In their quest to post decent comparable traffic and sales figures when people would rather spend less, some supermarkets are aggressively using broad-based discounts to prompt purchases.
In their quest to post decent comparable traffic and sales figures when people would rather spend less, some supermarkets are aggressively using broad-based discounts to prompt purchases. By proclaiming price cuts on thousands of items in their stores, these chains might just be slicing their own throats.
The feedback they’re hearing from shoppers goes like this: If stores could afford to lower prices as they are now, have they been plundering us for so many years? Why do we only get fair prices when retailers seem desperate for sales? Are they discounting as deeply as they can to help us out in a tough time?
Call them penny-pinching skeptics if you like. But all shoppers are doing is calling chains out on a dubious pricing strategy - one which we feel carries only short-term potential and long-term risk. We understand it, however. Commodity prices have fallen and chains want to compete. Retailers that think price is dominating shopper decision making today are pounding this message hard - and in the process they’re perverting their hard-won value image.
The four components of store value, as we see it at SupermarketGuru.com, include quality, service, relationships and price. Depending on the demographic, price will come first at some (such as Aldi, Save-A-Lot and ShopRite, for instance), but it’s certainly not an exclusive factor, even in extreme-value stores. By contrast, price might be the last consideration for a Wegmans or Whole Foods shopper.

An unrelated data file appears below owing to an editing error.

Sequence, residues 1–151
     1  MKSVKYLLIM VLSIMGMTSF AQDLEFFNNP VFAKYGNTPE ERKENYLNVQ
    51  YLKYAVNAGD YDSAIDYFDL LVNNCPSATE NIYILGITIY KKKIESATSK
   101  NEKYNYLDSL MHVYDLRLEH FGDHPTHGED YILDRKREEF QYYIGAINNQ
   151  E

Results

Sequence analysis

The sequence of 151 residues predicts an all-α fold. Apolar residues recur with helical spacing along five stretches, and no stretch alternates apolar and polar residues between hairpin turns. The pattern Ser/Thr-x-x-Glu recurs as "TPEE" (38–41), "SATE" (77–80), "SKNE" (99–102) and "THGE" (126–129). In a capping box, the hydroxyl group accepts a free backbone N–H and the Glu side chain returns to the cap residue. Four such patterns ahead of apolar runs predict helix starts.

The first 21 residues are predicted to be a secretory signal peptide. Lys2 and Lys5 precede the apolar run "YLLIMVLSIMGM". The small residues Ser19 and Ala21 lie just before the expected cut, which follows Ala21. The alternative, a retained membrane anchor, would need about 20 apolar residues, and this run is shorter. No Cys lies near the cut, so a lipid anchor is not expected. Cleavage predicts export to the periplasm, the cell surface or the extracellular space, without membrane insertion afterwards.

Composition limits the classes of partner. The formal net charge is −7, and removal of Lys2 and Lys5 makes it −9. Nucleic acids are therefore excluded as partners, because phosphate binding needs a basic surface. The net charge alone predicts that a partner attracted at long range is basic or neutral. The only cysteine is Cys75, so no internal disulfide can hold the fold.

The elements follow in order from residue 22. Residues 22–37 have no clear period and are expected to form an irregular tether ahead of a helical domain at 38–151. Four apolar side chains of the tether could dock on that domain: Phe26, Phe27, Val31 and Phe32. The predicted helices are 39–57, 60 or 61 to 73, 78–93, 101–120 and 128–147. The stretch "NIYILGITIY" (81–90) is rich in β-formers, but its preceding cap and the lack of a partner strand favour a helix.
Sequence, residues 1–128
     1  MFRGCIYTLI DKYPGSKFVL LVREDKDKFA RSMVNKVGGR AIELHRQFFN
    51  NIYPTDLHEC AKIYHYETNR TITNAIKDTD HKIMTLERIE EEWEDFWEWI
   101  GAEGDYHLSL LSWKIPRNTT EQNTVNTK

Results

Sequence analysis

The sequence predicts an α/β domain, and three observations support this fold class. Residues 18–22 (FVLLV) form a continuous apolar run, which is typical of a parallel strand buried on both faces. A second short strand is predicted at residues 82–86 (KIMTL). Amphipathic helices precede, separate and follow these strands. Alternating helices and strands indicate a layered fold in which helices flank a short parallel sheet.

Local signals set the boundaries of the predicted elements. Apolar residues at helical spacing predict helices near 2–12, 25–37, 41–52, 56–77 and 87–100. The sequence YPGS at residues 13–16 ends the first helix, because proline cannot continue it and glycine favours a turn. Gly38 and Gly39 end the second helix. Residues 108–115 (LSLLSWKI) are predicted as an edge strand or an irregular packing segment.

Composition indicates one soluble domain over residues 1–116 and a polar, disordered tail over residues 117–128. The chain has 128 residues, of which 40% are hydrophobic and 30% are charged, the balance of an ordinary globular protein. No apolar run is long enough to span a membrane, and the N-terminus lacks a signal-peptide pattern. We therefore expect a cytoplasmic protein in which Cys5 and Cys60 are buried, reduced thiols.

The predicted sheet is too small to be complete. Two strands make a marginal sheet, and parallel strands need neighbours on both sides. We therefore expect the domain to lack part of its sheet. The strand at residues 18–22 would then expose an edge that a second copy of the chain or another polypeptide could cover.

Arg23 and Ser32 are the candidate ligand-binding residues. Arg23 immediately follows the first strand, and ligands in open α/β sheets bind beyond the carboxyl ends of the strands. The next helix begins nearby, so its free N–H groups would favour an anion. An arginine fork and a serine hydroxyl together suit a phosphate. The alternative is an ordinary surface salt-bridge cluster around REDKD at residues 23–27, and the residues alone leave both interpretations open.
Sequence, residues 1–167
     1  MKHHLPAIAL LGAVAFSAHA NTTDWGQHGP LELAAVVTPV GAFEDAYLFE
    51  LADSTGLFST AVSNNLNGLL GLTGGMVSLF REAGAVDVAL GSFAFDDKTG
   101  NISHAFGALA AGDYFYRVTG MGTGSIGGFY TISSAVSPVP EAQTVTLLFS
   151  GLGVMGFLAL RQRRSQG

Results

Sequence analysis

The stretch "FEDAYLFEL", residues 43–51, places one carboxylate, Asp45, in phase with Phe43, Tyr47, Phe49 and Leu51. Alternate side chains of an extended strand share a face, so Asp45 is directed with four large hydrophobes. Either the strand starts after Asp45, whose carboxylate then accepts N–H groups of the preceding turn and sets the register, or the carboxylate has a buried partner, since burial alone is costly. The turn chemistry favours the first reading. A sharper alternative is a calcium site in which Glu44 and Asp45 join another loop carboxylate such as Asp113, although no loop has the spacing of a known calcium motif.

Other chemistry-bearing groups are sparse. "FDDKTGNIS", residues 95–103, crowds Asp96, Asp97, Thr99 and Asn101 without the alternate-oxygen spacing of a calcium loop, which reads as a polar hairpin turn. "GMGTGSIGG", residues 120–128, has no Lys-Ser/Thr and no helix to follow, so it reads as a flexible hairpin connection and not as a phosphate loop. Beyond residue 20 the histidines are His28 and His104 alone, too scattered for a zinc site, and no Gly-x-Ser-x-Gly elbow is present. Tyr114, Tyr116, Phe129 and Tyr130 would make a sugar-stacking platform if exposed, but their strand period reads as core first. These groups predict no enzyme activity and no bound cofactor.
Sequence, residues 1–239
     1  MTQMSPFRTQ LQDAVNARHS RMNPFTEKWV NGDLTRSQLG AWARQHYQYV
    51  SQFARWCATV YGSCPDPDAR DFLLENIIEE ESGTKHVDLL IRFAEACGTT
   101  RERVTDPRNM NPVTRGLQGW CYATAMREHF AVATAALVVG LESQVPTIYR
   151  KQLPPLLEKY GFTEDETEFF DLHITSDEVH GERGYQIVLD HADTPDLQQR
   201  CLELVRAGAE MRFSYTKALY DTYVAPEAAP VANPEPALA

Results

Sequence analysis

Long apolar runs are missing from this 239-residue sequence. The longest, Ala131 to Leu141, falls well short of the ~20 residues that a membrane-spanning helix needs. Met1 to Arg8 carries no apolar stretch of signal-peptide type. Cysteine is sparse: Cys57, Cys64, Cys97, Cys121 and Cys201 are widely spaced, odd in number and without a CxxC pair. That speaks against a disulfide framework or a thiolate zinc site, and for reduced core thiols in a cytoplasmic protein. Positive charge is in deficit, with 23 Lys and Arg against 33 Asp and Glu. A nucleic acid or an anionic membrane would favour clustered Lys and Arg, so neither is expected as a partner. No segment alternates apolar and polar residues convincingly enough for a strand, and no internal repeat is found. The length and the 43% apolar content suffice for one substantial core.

We suggest that chains moderate their price messages and keep longer-term customer retention strategies in mind (witness the heat Albertson’s is catching for its reductions on 3,000 items). There’s a huge difference between productive shoppers who come to a store for years, and the cherrypickers that aggressive discounting tends to attract.
We also urge retailers to seek an appropriate balance between branded and private label sales in their stores. There’s a difference between brands that build categories, and the store brands (as good as they might be) that build margins off of their backs. While PL sales are growing, there are plenty of shoppers who stick with the name brands they trust. Especially in a tough economy when households eliminate vacations and eat out less, they at least want the certainty of performance and pleasure they get from brands they’ve been buying regularly.
Don’t make the mistake of thinking that price sensitivity wipes other shopper concerns off the boards. Some retailers are learning this the hard way.